Have you heard? We have a vision for Tanadoona to be a year-round destination where communities of all backgrounds can unplug and discover their sparks through nature. We have big plans for our 103-acre property and recently sat down with Tammy Magney (Magney Architecture) and Darin Duch (LEADinc), the architects behind our current project – Tanadoona’s new Community & Dining Center – to talk about the building, their inspiration, and the design process. Here’s what they had to say.
Incorporating All Voices
When Tammy, Darin, and the Camp Fire Minnesota team first started thinking about the design of the new Community & Dining Center, they saw the need to include as many voices as possible in the planning process. In addition to interviewing campers and camper parents, they also spoke with counselors, cooks, nurses, maintenance crew members, and the admin team to figure out what elements should be included in the final design.
“When we asked campers what they wanted to see in the building, one camper said they wanted benches because then you never have to exclude anyone. You can put as many people on a bench as you wanted – there’s always room for one more”, said Tammy.
Honoring the Past
The architects also considered the legacy of Tanadoona when designing different parts of the building. The fireplace in the current Dining Hall, for example, will be restored and turned into an outdoor fireplace and the center of a new Tanadoona Terrace outdoor gathering space; the paddles will also remain on the walls of the new Community & Dining Center.
“We have a long and rich history of connecting kids to the outdoors at Tanadoona and creating memories that stay with them throughout their life” says Marnie Wells, Camp Fire Minnesota’s CEO. “We want our alumni to see themselves in the new design and in the next generations of Tanadoona and Camp Fire youth”.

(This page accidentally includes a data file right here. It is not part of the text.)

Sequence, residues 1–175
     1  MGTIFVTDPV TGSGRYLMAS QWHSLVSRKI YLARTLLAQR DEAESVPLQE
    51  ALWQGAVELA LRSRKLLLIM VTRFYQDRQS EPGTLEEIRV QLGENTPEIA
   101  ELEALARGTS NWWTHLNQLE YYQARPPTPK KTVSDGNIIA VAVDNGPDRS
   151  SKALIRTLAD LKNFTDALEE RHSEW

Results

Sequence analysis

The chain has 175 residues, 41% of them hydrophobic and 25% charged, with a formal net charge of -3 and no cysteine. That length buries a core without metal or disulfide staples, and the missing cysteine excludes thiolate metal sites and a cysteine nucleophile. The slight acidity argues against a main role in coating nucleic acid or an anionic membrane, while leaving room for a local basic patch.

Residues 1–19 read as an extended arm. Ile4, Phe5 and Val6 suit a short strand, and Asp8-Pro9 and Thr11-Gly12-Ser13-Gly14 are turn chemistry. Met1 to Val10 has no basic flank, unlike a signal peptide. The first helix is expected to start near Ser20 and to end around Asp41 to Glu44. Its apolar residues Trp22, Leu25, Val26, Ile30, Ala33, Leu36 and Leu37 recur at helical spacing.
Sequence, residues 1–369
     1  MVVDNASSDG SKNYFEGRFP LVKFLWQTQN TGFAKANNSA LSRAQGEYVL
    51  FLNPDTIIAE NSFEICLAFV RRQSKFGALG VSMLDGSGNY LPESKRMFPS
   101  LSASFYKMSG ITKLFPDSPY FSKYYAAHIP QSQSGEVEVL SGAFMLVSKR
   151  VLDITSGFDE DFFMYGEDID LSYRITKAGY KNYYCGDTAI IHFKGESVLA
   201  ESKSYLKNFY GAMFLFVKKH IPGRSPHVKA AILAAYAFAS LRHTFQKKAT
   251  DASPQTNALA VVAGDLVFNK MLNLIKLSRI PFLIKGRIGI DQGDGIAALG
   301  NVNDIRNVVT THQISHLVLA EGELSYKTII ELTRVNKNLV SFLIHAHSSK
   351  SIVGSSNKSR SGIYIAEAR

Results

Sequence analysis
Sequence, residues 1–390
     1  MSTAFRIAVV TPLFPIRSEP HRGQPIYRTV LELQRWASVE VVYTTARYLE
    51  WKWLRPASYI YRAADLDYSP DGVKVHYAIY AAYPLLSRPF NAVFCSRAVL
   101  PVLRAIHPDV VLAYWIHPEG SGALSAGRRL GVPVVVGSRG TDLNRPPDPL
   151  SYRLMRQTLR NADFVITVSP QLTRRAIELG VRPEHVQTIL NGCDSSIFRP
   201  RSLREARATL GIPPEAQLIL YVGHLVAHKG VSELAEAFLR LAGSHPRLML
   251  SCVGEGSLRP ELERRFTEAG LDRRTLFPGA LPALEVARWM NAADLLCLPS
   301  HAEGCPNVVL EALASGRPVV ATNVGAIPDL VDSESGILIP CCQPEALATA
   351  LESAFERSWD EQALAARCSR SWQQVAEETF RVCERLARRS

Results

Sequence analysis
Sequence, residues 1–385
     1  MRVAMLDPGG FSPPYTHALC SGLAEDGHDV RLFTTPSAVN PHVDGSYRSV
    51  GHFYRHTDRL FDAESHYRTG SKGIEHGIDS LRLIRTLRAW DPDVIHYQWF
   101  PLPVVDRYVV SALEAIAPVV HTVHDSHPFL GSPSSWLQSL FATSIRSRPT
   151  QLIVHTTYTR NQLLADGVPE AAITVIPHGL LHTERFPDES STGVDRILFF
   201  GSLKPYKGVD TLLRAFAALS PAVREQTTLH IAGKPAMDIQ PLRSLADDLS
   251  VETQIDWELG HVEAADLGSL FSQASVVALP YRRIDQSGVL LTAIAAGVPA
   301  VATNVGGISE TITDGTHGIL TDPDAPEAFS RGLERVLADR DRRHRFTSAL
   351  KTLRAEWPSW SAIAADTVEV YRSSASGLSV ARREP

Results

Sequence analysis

Bringing the Outdoors In
Darin and Tammy first began working together when they designed schools for the Minnetonka School District. Says Darin, “We worked in schools for years — designing spaces around the idea of experiential learning and learning through play.”
Both bring that background in educational design to Tanadoona’s Community & Dining Center.
Another source of inspiration? The property around the building.
“Even when you’re in the building, we want it to feel like you’re outside. That’s why you can look through the Community & Dining Center and see trees on both sides. You never feel like you’re totally enclosed”, says Tammy.
The desire to integrate indoor and outdoor spaces informed every part of the design process — from the scale of the building and use of natural materials to the inclusion of an herb garden and decks that extend into the wooded landscape. “The building will be secondary to the property around it. We want the youth to be excited about nature and then be excited about the space they’re in.”
Ultimately though, the experience of the campers remains at the heart of their design process. Says Darin, “At the end, when the building is finally occupied and the kids are running around and you see the smiles — that’s the most gratifying part of the project.”
Today, youth spend 90% of their time indoors and 50+ hours a week on a screen. As the need for outdoor programming continues to grow, the need for a space that serves more youth, year-round, has become critical. In 2016, we served 3,000 children. In 2017, we served 4,000 children. In 2018, we’re on track to serve over 5,000 youth. As Sarah Milligan-Toffler, Executive Director of Children & Nature Network shared, “Places of refuge and learning like Tanadoona are not just nice to have. They are a must have for ensuring that our youth are prepared to thrive in an ever more complex world.”
Hear even more from Tammy and Darin at our upcoming Capital Campaign Open House – meet the architects and hear from Camp Fire leadership and Chanhassen Mayor, Denny Laufenburger.